Three bins got produce that grocery stores had deemed too ugly to sell. These included things like bumpy apples, brown lettuce and weird-shaped carrots. Three more bins got fruit and vegetables as well as a bonus — soybeans finely ground to make a flour. Another three bins got the fruits and veggies and peanuts ground into flour. A final three bins got fruits and veggies and flour made from a grain called quinoa. All three flours are high in protein. Davia wanted to see if any or all of these would boost larval growth.
To measure their growth, Davia fed and weighed her larvae in each bin five times over the course of a month. She also kept a count of how many fly larvae wiggled their way out of their bins or died.
The teen stored her project in her dad’s woodworking shop. “He cleared out an area and he just had to deal,” with both the smell (which was awful, Davia notes), and any loud, buzzing escapees.
After a month of feeding, weighing and cleaning, Davia compared the size of the larvae in each bin. Each bin started out with larvae that weighed around 7 grams (0.25 ounce) all together. By the end, the control larvae — those that got only fruits and vegetables with no extra protein — grew to almost 35 grams (1.2 ounces). Larvae eating food enriched with soy flour fed grew the most. They weighed in at just under 55 grams (1.9 ounces). The quinoa-flour enriched bins averaged 51 grams (1.7 ounces) and the peanut flour group averaged a mere 20 grams (0.7 ounce). The peanut group gained a lot of weight at first, Davia says. But peanut flour absorbs a lot of water, and black soldier fly larvae don’t like to get wet. So she ended up with a lot of runaways.
“Soy flour seems to hold the most promise for increasing larvae size while maintaining larvae health,” Davia concludes. It also would be the cheapest option. The teen bought all of her flours from the grocery store or online. Ten grams (0.35 ounce) of soy flour cost only 6 cents. The same amount of peanut flour cost 15 cents and quinoa flour 12 cents.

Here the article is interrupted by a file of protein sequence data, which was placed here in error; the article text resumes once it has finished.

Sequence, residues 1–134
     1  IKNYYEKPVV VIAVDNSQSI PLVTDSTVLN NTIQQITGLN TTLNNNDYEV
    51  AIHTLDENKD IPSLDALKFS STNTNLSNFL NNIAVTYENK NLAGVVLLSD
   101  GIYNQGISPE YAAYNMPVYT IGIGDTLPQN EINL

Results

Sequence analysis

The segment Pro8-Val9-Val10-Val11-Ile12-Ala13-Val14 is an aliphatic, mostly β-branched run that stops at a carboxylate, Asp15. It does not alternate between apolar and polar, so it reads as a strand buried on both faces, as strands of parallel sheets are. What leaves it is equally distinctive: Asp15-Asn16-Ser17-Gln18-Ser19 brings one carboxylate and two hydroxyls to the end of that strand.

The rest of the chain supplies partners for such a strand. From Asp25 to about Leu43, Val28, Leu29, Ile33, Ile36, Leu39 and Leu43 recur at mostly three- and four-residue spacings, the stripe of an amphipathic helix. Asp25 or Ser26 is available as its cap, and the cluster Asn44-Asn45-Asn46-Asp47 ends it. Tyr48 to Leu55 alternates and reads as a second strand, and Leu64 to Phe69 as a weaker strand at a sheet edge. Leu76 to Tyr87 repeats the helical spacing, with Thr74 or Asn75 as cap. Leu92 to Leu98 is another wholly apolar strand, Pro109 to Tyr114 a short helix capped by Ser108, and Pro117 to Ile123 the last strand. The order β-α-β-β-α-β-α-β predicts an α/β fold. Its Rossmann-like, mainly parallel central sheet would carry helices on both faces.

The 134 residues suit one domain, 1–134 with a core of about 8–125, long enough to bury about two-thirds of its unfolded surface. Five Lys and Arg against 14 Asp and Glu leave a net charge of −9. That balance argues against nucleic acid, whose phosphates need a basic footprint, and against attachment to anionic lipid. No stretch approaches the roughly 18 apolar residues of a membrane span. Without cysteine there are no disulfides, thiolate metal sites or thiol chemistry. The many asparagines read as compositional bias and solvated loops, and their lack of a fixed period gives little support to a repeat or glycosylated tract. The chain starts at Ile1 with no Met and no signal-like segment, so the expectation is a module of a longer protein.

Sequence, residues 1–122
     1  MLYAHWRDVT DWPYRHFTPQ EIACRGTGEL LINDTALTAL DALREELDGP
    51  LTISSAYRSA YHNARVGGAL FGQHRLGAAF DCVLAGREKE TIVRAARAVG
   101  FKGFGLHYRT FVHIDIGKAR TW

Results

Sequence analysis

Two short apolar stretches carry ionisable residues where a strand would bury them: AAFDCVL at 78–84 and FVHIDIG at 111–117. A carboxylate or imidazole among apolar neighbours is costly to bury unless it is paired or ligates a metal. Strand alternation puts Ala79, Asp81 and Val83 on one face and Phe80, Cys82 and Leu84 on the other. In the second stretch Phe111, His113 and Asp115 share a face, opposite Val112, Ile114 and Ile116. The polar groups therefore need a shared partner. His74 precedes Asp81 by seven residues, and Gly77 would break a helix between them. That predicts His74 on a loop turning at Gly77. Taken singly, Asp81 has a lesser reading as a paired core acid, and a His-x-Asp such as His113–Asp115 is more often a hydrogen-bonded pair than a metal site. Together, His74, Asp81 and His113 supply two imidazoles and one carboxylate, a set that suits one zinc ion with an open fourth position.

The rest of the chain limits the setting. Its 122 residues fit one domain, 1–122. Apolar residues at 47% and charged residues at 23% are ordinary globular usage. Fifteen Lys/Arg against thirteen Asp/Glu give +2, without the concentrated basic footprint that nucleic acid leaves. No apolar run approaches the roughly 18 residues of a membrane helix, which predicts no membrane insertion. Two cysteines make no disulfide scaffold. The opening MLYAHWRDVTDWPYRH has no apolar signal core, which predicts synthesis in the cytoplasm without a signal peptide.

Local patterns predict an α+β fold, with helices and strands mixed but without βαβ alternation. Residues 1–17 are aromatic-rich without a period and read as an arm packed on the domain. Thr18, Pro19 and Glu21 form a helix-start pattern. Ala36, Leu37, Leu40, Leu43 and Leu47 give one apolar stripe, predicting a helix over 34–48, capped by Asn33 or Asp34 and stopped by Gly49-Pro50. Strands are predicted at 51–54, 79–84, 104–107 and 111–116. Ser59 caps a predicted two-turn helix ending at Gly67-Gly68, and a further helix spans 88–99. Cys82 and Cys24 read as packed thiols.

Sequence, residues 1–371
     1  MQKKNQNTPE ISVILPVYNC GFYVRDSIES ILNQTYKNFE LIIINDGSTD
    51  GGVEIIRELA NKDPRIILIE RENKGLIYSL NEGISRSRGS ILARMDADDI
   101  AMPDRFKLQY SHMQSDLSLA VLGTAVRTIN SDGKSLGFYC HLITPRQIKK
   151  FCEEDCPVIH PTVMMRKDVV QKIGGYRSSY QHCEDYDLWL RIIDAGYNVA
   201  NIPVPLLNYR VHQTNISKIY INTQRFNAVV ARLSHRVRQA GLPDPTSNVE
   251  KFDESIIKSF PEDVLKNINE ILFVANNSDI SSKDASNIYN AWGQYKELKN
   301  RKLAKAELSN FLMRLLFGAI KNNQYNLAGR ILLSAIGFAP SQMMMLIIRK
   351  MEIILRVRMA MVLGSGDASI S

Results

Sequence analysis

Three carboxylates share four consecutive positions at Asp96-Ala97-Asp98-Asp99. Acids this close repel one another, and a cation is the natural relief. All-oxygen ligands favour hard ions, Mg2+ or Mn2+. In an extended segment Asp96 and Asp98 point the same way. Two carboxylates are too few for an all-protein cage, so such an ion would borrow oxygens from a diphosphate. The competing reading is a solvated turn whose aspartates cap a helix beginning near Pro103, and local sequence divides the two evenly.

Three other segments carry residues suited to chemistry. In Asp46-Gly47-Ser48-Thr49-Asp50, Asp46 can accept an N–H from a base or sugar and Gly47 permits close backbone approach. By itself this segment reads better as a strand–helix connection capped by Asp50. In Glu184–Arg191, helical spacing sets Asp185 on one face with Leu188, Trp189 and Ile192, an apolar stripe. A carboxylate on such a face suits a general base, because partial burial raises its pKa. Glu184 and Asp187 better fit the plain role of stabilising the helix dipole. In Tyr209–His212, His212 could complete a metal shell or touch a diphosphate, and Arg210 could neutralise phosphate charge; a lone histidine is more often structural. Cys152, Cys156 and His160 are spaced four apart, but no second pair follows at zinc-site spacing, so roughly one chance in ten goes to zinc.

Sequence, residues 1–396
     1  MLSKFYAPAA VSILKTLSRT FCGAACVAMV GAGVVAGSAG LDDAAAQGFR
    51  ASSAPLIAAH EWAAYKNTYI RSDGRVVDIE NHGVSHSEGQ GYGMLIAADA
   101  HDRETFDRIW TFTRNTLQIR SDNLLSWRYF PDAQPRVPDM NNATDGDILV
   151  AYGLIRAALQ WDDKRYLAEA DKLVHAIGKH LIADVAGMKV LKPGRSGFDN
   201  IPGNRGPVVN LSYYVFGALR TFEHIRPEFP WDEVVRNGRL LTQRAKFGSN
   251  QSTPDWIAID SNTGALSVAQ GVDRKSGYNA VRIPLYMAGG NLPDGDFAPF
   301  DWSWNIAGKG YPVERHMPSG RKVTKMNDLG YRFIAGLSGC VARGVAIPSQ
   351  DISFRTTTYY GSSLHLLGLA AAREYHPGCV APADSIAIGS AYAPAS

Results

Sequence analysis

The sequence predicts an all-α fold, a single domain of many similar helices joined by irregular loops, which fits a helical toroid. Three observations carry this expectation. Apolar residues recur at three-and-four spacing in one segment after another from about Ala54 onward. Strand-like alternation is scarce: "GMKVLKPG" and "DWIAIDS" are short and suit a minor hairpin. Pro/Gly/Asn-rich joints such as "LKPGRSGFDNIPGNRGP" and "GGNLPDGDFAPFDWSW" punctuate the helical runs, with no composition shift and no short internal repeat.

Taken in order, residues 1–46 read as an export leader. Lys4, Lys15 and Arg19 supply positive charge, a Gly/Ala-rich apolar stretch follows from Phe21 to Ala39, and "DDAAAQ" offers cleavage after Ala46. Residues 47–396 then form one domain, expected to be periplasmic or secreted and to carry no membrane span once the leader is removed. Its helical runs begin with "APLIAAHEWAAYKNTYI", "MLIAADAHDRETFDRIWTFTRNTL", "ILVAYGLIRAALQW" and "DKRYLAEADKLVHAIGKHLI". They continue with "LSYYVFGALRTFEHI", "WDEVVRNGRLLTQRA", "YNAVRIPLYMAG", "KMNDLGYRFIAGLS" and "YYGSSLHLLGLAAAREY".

But even if black soldier fly larvae are nutritious, do they taste good? At the end of her experiment, Davia gave her larvae to a friend. He fed the bugs to his chickens, which gobbled them right up. Plenty of people around the world happily snack on insect larvae. Davia, however, has yet to sample any of hers (though she has looked up recipes on the internet about how to prepare them). For now, still just wants to boost awareness that black soldier fly larvae could covert food waste into something potentially snackable.
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black soldier fly Hermetia illucens. As adults, these flies have long bodies and may be mistaken for wasps (although they have no stinger). The adults live a short time and have no mouth parts. Their larvae, though, are insatiable eaters. Scientists are studying those larvae to determine if they can reduce farm and food waste.
blog Short for web log, these Internet posts can take the form of news reports, topical discussions, opinionated rants, diaries or photo galleries.
Broadcom MASTERS Created and run by the Society for Science & the Public, Broadcom MASTERS (Math, Applied Science, Technology and Engineering Rising Stars) is the premier middle school science and engineering fair competition. Broadcom MASTERS International gives select middle school students from around the world a unique opportunity to attend the Intel International Science & Engineering Fair.